Etymology
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doll (n.)

1550s, Doll, an endearing name for a female pet or a mistress, from the familiar form of the fem. proper name Dorothy (q.v.). The -l- for -r- substitution in nicknames is common in English: compare Hal for Harold, Moll for Mary, Sally for Sarah, etc. 

From 1610s in old slang in a general sense of "sweetheart, mistress, paramour;" by 1640s it had degenerated to "slattern." Sense of "a child's toy baby" is by 1700. Transferred back to living beings by 1778 in the sense of "pretty, silly woman." By mid-20c. it had come full circle and was used again in slang as an endearing or patronizing name for a young woman.

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doll (v.)

1867, in dialect, "to pet, indulge" (a child), from doll (n.). Usually with up. Meaning "to dress (up)" is by 1906, American English. Related: Dolled; dolling.

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up (n.)
"that which is up," 1530s, from up (adv.). Phrase on the up-(and-up) "honest, straightforward" first attested 1863, American English.
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up (adv.)

Old English up, uppe, from Proto-Germanic *upp- "up" (source also of Old Frisian, Old Saxon up "up, upward," Old Norse upp; Danish, Dutch op; Old High German uf, German auf "up"; Gothic iup "up, upward," uf "on, upon, under;" Old High German oba, German ob "over, above, on, upon"), from PIE root *upo "under," also "up from under," hence also "over."

As a preposition, "to a higher place" from c. 1500; also "along, through" (1510s), "toward" (1590s). Often used elliptically for go up, come up, rise up, etc. Up the river "in jail" first recorded 1891, originally in reference to Sing Sing, which is up the Hudson from New York City. To drive someone up the wall (1951) is from the notion of the behavior of lunatics or caged animals. Insulting retort up yours (scil. ass) is attested by late 19c.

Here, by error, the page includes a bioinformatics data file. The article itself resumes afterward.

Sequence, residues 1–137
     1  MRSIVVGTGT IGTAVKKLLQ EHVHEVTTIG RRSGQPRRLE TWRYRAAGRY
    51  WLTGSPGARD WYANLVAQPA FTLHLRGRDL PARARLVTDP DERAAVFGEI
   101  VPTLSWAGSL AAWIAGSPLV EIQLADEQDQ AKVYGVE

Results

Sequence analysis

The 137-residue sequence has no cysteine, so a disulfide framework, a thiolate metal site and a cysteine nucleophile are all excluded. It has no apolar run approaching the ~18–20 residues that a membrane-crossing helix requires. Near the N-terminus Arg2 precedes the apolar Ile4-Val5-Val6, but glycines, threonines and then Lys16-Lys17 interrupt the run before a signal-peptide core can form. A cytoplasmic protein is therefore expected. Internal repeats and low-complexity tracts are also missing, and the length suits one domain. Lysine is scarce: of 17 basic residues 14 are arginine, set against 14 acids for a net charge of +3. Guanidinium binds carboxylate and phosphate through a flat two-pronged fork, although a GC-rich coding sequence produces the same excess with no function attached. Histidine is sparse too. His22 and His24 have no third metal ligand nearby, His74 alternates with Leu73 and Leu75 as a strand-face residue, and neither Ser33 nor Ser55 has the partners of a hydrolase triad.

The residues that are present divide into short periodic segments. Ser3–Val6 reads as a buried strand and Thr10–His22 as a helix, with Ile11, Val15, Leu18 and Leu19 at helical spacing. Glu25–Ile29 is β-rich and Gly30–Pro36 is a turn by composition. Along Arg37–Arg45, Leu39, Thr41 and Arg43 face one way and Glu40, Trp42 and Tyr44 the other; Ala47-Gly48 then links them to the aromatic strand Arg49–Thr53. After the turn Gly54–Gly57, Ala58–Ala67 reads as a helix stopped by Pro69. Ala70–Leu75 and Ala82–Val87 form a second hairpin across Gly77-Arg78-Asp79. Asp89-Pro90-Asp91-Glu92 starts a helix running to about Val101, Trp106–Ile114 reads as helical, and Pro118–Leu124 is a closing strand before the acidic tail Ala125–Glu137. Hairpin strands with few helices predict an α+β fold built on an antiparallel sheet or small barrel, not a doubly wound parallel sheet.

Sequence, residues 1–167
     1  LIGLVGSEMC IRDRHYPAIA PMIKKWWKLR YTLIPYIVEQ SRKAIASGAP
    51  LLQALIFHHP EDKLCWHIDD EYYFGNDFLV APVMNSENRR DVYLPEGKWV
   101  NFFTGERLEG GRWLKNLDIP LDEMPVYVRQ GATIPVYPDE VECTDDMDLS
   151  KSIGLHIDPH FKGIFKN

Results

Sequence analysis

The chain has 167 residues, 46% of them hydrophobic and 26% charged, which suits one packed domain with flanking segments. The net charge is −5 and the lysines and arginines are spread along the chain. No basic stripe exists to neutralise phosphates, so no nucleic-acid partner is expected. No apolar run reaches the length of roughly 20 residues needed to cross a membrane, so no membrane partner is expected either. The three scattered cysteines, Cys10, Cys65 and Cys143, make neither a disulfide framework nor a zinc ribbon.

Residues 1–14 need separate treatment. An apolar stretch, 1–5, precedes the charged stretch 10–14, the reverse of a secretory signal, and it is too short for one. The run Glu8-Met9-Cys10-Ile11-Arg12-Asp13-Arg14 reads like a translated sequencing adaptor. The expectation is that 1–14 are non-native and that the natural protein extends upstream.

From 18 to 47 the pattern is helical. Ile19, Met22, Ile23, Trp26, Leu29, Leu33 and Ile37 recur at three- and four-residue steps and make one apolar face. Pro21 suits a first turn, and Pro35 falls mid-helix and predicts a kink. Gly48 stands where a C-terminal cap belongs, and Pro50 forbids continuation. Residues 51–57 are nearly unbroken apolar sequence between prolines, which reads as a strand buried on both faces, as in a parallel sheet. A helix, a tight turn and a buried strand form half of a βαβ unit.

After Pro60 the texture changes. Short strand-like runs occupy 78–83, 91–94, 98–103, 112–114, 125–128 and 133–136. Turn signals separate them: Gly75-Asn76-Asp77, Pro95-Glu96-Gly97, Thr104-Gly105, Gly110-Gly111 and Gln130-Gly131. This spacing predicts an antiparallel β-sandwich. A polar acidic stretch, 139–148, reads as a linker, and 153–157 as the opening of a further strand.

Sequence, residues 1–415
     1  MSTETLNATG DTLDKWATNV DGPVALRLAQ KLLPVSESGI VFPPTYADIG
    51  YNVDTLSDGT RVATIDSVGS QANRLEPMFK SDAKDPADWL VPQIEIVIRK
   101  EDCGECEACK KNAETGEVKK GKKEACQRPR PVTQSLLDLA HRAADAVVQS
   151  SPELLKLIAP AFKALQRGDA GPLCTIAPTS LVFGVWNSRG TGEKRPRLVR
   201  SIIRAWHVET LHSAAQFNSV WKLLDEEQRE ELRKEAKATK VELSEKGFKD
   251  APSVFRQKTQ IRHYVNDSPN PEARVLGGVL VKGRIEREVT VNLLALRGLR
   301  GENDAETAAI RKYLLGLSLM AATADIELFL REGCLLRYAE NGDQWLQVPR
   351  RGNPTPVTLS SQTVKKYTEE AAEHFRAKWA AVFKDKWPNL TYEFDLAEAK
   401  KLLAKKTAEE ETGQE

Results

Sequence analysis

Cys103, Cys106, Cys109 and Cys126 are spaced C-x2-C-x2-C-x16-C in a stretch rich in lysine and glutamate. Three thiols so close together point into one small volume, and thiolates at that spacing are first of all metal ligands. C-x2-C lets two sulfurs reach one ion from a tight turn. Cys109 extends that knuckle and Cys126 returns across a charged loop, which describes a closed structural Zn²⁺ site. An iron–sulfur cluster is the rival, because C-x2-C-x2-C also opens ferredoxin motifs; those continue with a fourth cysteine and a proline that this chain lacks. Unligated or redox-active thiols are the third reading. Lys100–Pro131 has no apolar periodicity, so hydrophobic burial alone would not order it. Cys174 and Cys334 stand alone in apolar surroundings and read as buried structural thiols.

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up- 
prefix with various senses, from Old English up (adv.), corresponding to similar prefixes in other Germanic languages.
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up (v.)

1550s, "to drive and catch (swans)," from up (adv.). Intransitive meaning "get up, rise to one's feet" (as in up and leave) is recorded from 1640s. Sense of "to move upward" is recorded from 1737. Meaning "increase" (as in up the price of oil) is attested from 1915. Compare Old English verb uppian "to rise up, swell." Related: Upped; upping. Upping block, used for mounting or dismounting horses, carriages, etc., is attested from 1796 (earlier was horsing-block, 1660s).

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up (adj.)
c. 1300, "dwelling inland or upland," from up (adv.). Meaning "going up" is from 1784. From 1815 as "excited, exhilarated, happy," hence "enthusiastic, optimistic." Up-and-coming "promising" is from 1848. Musical up-tempo (adj.) is recorded from 1948.
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rag-doll (n.)

child's plaything, doll made entirely of rags or scraps of cloth, 1776 (from 1757 as "a dressed-up woman"), from rag (n.1) + doll (n.). Rag-baby is attested from 1798. Shakespeare has babe of clowts (i.e. "clouts"), 1590s.

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cover-up (n.)

also coverup, "means or act of concealing" some event or activity, 1922, from the verbal phrase (1872), from cover (v.) + up (adv.).

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pop-up (n.)
from 1906 as a type of baseball hit; from pop (v.) + up (adv.). As an adjective from 1934 (of a children's book, later toasters, etc.).
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